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New Year's Resolutions

We are halfway through January so – show of hands – how many of you, who made a New Year’s resolution, are still staying the course? I guess January 1 is as good a date as any to make a life change but, personally, I like February 29. After all, if I am going for a do-over, I want 1 to 4 years to think about it. I mean, really, who wants all the guilt and regret over not sticking to their plan? The way I look at it, if I am not willing to change an undesireable habit on December 31, what makes me think I will be any more successful on January 1? This kind of psychology fascinates me though, so I investigated it a little further…


Well, it turns out, I was kind of wrong! According to Wikipedia: “At the end of the Great Depression, about a quarter of American adults formed New Year's resolutions. At the start of the 21st century, about 40% did. In fact, according to the American Medical Association, approximately 40% to 50% of Americans participated in the New Year's resolution tradition from the 1995 Epcot and 1985 Gallop Polls. A study found 46% of participants who made common New Year's resolutions (e.g. weight loss, exercise programs, quitting smoking) were likely to succeed, over ten times as among those deciding to make life changes at other times of the year. “ But the reason I said I was “kind of wrong” is because, apparently, we declined in our commitments over the next 12 years: “A 2007 study by Richard Wiseman from the University of Bristol involving 3,000 people showed that 88% of those who set New Year resolutions fail, despite the fact that 52% of the study's participants were confident of success at the beginning. Men achieved their goal 22% more often when they engaged in goal setting, wherein resolutions are made in terms of small and measurable goals (e.g., "lose a pound a week" rather than "lose weight").” The takeaway from this is “Think Small, Lose Big!”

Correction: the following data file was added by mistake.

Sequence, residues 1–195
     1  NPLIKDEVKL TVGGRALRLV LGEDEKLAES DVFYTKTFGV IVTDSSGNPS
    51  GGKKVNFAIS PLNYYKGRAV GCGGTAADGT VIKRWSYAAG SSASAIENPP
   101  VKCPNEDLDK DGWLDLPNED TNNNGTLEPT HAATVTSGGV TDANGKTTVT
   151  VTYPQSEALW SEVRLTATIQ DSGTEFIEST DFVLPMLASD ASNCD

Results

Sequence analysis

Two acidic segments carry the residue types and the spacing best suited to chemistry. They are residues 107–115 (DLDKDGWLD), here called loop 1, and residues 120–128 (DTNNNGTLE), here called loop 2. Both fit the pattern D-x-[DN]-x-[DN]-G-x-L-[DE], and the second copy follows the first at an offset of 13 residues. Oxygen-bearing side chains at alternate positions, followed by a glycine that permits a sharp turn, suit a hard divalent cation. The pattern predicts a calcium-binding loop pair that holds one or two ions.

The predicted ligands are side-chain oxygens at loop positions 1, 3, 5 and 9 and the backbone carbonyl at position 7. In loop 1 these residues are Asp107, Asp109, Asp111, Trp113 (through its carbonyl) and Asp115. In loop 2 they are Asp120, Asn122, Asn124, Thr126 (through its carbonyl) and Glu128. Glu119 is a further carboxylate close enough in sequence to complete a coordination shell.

What are the top ten New Year’s Resolutions anyway? (I will bet you can guess a few…) This list is from goskills.com:

  1. Exercise more

  2. Lose weight

  3. Get organized

  4. Learn a new skill or hobby

  5. Live life to the fullest

  6. Save more money / spend less money

  7. Quit smoking

  8. Spend more time with family and friends

  9. Travel more

  10. Read more!! (I added the embellishments here since this is a library blog after all)

As I mentioned, I am not big on New Year’s resolutions for myself but 2020 was so horrible, I decided 2021 was a good year to start something different. My resolution? Give up writing the library blog...and look how that worked out for me! I am so glad I don’t smoke.


If you did make a New Year’s resolution, I do hope you are successful in your efforts! Drop us a line and let us know how you are doing. In the meantime - stay safe, wear a mask and be kind to one another!!

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